“I have strict orders, sir, to admit no gentlemen except those in formal attire.”
“I’m here on business—to see Arch Bugler.”
“I’m sorry, sir. I have strict orders.”
Shayne said, “Nuts.” He caught the man’s braided tunic and jerked him aside. The man whistled shrilly as Shayne shouldered the gates open.
Two men appeared from the other side of the wall and got in front of him. One of them exclaimed, “Jeez, it’s the dick from Miami,” and stepped backward. He had a big nose and a chin that fell away to nothing—the man who had trailed Shayne from his apartment hotel earlier in the evening.
The other bouncer was taller than Shayne, his shoulders inches broader. He had a flat face and a square head fastened onto his torso with no neck between. He scowled darkly and growled, “Outside.”
Shayne drove his fist into the middle of the man’s flat face. The force of the blow rocked him back on his heels, smashing a rubbery nose and thick lips that had been smashed before.
The smaller man sucked in his breath sharply and hit Shayne with a blackjack, saying softly, “Grab him, Donk.” Shayne staggered sideways, and the big man stepped in, caught his elbows, and pinioned them behind him.
“Outside,” the chinless man panted, “and keep it quiet, Donk. This is the bozo the boss said not to let in.”
Shayne’s head lolled limply as he was given the bum’s rush through the bronze gates. The blackjack had been swung expertly and should have knocked him out, but the redhead was tough. His legs were not functioning very well and a black cloud obscured a bright moon, but he clamped his teeth hard, doggedly hanging on to consciousness.
“Down to the corner of the wall, Donk,” the smaller man directed in a vicious undertone. “There’s a cab pulling up—They’ll think he’s just a drunk being bounced.” With Donk propelling him from behind, Shayne was rushed along the sidewalk to the north wall of the Bugle Inn property. Half a dozen unoccupied water-front lots separated the wall from the next building. The vacant space was thick with a growth of scrub palmetto.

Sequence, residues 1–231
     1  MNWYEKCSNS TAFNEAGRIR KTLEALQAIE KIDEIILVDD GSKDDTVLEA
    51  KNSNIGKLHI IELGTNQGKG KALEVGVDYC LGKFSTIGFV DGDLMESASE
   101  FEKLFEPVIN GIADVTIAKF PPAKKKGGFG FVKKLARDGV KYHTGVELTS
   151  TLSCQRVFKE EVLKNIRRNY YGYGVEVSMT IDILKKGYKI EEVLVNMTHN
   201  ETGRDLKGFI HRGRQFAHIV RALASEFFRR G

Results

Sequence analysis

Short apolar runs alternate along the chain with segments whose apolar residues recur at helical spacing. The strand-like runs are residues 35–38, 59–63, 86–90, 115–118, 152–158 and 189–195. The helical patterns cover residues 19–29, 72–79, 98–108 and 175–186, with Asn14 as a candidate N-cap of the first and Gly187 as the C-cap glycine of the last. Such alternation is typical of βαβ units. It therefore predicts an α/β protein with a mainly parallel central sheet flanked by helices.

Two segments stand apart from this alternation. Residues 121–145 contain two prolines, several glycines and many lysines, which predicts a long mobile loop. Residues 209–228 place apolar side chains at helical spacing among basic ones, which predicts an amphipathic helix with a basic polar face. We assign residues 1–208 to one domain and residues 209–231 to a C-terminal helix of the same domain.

Donk paused when he reached the end of the wall, and his companion ordered, “Drag him out in the middle of the clearing and we’ll work him over. He dodged me once tonight, but this time he won’t do no dodgin’.”
Strength was flowing into Shayne’s legs and awareness to his brain, but he let his feet drag in the sand until the chinless man ordered, “This is far enough. Nobody’ll notice us from the street. Is he out?”
“Acts like it.” Donk let go of Shayne’s elbows. The detective sprawled forward limply into a matted growth of pin-edged palmettos. “Yep,” Donk said with a faint note of regret, “he’s out cold. You shouldn’t orta hit ’im so hard, Johnny.”
“He’s supposed to be tough. Wouldn’t surprise me none if he was possumin’.” Johnny kicked Shayne in the ribs. Shayne gave no sign that he felt it.
“Turn ’im over,” Johnny ordered, “and I’ll stomp him in the face good. Arch said for us to work on ’im if he tried to crash the gate tonight.”
Donk bent down and got a hold on Shayne’s shoulder to turn him over. Shayne came half erect and drove his head into Donk’s belly with the force of a battering ram.
Donk grunted and stumbled back over a clump of sharp palmettos.
Shayne whirled and lunged at Johnny, ducking a vicious downswing of the blackjack. He drove his forearm against Johnny’s Adam’s apple, which protruded at a point where his chin should have been, and the smaller man went to his knees clawing at his throat.
Shayne grabbed the blackjack from his lax fingers and whirled to meet Donk’s lunge.
The larger man parried a blow with his forearm and laughed happily. He smashed a left to Shayne’s stomach and straightened the detective up with a looping right to the chin when he jackknifed forward. Shayne swayed backward with his feet seemingly rooted in the sand, his angular face turned up to the moon and the stars.
Donk planted himself and put two hundred and forty pounds behind a piledriver right to the detective’s unprotected jaw.
Shayne’s senses swam lazily into a mist of nothingness. The moon and the stars were again blotted out.
Johnny came to his feet still gasping and sputtering. “By God,” he chattered huskily, “it takes you to cool off the toughies, Donk.”
“He wasn’t so tough,” Donk disclaimed modestly. “When I give ’em the ol’ one-two they mostly stay down.”
Johnny picked up his blackjack and shoved it in his pocket. “We’ll leave him lay there,” he decided. “When he comes up for air he’ll be all outta the notion of seein’ the boss.”
The two men strolled off leaving Shayne quiescent, face downward in the soft sand.
For a long time Shayne lay still. Presently he stirred to get his face out of the sand. His breathing became stertorous, mingling with the swishing sound of waves flowing gently on the shore. He made two efforts to sit erect before achieving results, then linked his arms around his knees and shuddered with nausea.
His upper lip was cut, and there was the taste of blood in his mouth, gritty sand between his teeth. Nausea convulsed his body, and he retched on the sand. The spasm passed, and his head cleared.
With an effort he lifted himself to a standing position, then made his way unsteadily to the edge of the lapping waves. Bogging in the wet sand, he scooped up handfuls of water and dashed it over his face, poured another handful into his mouth to rinse out the sand.